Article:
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Study Indicates Schools Became Safer Over Last Decade

Study Indicates Schools Became Safer Over Last Decade

Despite the fact that the mainstream media have been ratcheting up calls for the need to increase safety at schools, American students report feeling safer today than they did in the mid-1990s, according to a recent Bureau of Justice Statistics (BJS) report released March 29.

The 280-page study measured a variety of data that spanned surveys on school safety for the 2014-15 and 2015-16 academic years. The study shows that crime and violence have decreased in primary and secondary schools around the United States, when compared to rates in the early and mid-1990s.

Students self-reported in the study they felt less afraid of attack or harm while at school, dropping from 12 percent in 1995 to 3 percent in 2015. The BJS began to track the question of gang presence at schools starting in 2001, and reports a 9 point drop in gang presence in schools, from 20 percent that first year in to 11 percent in 2015.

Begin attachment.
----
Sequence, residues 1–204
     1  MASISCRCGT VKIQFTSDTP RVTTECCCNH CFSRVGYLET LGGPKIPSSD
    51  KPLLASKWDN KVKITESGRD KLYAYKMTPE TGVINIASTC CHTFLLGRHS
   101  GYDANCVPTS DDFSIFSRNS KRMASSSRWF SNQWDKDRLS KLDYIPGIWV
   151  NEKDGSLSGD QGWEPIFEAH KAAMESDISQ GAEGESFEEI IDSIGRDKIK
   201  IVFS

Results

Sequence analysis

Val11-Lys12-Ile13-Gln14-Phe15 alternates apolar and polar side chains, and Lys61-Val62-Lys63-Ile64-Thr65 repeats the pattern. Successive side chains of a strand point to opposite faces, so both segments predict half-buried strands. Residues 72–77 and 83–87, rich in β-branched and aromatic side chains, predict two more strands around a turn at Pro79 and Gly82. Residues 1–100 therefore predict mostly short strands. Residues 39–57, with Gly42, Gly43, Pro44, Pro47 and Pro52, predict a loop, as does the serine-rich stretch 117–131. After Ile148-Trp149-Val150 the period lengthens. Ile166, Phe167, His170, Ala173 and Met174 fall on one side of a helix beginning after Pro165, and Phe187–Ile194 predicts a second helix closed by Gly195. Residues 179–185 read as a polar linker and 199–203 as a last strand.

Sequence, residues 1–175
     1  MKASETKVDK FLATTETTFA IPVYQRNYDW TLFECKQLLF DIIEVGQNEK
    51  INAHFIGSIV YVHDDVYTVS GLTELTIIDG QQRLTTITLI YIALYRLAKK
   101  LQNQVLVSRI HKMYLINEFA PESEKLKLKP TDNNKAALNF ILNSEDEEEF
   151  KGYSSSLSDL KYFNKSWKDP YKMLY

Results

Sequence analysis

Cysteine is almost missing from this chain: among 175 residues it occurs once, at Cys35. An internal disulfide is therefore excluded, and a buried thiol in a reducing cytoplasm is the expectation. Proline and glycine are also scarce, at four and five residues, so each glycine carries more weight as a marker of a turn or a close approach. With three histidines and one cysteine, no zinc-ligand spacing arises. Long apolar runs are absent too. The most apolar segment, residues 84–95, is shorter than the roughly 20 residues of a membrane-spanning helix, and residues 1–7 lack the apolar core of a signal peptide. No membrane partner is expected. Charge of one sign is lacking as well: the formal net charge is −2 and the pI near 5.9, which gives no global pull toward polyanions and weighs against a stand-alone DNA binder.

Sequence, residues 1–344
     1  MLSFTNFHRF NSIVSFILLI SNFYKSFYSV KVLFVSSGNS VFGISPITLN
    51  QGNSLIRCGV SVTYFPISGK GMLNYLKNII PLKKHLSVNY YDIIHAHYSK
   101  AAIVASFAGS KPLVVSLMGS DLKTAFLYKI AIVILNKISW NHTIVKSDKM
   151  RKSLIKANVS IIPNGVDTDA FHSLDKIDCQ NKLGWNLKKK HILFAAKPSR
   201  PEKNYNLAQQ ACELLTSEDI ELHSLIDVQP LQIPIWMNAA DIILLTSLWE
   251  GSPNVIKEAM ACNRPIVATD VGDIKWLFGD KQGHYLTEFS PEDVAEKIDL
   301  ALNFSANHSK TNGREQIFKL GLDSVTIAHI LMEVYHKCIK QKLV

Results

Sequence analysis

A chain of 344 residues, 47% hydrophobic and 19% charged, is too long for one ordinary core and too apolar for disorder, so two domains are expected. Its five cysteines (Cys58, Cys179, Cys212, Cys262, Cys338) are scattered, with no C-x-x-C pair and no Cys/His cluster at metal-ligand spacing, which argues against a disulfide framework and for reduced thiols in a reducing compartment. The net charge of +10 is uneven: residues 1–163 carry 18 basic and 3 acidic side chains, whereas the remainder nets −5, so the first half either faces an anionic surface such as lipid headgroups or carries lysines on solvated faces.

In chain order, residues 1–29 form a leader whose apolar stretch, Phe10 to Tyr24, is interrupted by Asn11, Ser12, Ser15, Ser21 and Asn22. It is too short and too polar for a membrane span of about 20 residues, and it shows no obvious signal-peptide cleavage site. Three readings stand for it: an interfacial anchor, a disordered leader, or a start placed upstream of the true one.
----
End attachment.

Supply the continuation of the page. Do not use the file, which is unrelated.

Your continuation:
Part of the overall improvement can be attributed to an increased number of security officers at schools. More than half, 56.5 percent, had some security staff in 2015-16, up from 41.7 percent 10 years earlier. Also, many schools have a security camera network, though that wasn’t specifically part of the study, which can deter crime.

Among other statistics, the report revealed:

  • A reported 24 in-school victimization incidents—including thefts, violent victimizations and serious violent victimizations—per 1,000 students in 2016, down significantly from almost 200 per 1,000 students in 1993.
  • Drug-related problems are less prevalent, with 22 percent of students acknowledging that drugs were available on campus in 2015, down from a peak of 32 percent in 1995.
  • Physical confrontations occur at a lower rate, with 8 percent of students being involved in fights in 2015, about half as many as reported in 1993.
  • The number of violent deaths has remained fairly constant since 1993. From July 1, 2014, to June 30, 2015, there were a reported 1,168 homicides involving victims between the ages of 5 and 18; only 1.7 percent of those took place at a school. The number of suicides for the same year and with the same age parameters was 1,785, with 0.5 percent of them occurring on a campus.

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